Earl Scioneaux’s Electronola is one of our favorite Kickstarter success stories so far. Earl, a musician and producer from New Orleans, has done everything right. His project video is personal, informative and incredibly winning; his rewards, which included a music lesson and an invitation to come to his house and have his homemade gumbo, have set the bar for creativity; and Earl has been documenting the whole process relentlessly, with excellent videos showing what he’s doing. Earl has earned his $4,000 for sure.

It didn’t look like he would make it. With two weeks left Earl’s project had stalled at around $2,000, and coming up with another $2k seemed a bit far-fetched. But Earl just worked that much harder, and in the last 48 hours he brought in over $1,000 alone.

Earl’s is the story of what it takes to hustle in the creative world. It’s how we all have to make it. It’s never easy and it’s filled with failure. But the real talents are the ones who persevere and do the work anyway. They aren’t compelled by money or fame but by the simple human need to create.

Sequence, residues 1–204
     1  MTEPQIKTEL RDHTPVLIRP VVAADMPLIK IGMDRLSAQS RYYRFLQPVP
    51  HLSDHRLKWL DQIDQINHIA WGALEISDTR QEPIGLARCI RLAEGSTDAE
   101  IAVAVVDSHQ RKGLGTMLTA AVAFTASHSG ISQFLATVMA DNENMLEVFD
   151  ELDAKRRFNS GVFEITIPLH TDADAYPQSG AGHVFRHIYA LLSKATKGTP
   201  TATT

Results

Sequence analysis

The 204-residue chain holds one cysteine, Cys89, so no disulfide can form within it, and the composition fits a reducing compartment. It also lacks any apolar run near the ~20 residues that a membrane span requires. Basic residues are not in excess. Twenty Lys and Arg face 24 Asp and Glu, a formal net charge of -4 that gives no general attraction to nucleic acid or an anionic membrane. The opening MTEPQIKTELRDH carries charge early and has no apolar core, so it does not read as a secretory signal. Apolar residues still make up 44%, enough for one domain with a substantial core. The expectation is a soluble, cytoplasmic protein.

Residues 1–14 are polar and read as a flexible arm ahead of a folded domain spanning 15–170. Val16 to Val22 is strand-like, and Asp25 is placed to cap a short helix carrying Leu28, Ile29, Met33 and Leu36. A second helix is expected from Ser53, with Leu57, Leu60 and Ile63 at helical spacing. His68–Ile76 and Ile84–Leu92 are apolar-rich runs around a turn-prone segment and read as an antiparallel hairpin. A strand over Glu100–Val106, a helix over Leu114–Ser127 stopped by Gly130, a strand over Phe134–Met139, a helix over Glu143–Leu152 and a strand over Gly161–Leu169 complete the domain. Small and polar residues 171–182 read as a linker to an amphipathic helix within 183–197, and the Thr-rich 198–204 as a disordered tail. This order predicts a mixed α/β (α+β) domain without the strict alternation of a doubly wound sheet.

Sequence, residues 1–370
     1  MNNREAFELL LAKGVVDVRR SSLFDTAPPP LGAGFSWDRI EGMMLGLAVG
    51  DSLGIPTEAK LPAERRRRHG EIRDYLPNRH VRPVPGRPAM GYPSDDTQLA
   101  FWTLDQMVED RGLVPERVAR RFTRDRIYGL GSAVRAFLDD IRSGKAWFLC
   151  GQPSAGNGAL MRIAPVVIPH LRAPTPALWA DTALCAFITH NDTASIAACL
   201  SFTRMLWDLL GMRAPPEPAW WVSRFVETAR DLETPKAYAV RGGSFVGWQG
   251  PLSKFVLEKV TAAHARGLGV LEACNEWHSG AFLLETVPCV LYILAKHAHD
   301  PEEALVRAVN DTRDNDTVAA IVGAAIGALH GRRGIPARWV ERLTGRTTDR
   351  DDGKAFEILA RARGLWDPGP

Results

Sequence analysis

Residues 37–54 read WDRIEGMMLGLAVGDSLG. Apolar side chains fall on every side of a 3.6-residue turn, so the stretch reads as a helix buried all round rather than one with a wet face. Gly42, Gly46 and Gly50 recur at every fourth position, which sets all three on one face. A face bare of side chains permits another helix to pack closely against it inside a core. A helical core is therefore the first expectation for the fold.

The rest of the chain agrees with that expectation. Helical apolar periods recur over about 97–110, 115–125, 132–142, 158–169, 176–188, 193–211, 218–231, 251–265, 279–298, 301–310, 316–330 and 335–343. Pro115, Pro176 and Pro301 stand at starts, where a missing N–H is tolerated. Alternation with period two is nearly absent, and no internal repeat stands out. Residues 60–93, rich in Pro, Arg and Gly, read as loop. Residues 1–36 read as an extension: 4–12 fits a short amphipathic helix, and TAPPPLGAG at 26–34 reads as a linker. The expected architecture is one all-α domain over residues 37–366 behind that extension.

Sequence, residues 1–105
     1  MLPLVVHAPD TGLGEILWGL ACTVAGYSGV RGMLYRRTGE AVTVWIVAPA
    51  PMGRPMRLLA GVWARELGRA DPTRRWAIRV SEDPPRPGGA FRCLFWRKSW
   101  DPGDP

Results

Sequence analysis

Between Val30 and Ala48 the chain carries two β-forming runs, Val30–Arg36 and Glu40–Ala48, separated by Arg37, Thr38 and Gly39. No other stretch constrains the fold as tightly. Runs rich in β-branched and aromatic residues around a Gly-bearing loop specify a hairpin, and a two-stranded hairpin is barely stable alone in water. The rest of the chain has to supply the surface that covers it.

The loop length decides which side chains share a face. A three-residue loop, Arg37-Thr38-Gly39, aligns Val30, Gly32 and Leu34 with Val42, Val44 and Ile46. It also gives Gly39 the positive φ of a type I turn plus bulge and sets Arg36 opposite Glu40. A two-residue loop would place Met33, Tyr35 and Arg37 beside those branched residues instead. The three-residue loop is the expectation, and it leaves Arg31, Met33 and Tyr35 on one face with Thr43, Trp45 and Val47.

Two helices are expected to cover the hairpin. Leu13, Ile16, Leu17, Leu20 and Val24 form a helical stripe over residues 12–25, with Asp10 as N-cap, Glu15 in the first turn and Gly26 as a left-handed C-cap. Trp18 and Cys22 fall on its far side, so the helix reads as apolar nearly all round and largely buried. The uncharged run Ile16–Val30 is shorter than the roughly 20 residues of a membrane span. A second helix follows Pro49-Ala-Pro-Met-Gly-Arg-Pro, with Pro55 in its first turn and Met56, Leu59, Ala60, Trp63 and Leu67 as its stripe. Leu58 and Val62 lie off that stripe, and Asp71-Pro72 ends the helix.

We are proud to be a part of Earl’s story. And if any prospective project creators are looking for tips on how to really make Kickstarter work, they’d be wise to look at what Earl has done. It’s remarkable.

> Tell us about your project.

My project will be the first album to bring the flavor of New Orleans live music into the electronic realm.  I’m hiring some of the well known and established veteran New Orleans musicians that play with that particular character that is unique to music from here, bringing them into the studio one by one, and then tweaking and freaking the material from those sessions.  In the end, what I hope to end up with fresh electronic music with a kind of classic and familiar feel.

> How many of your backers did you know before launching the project? Any idea where the people you don’t know came from?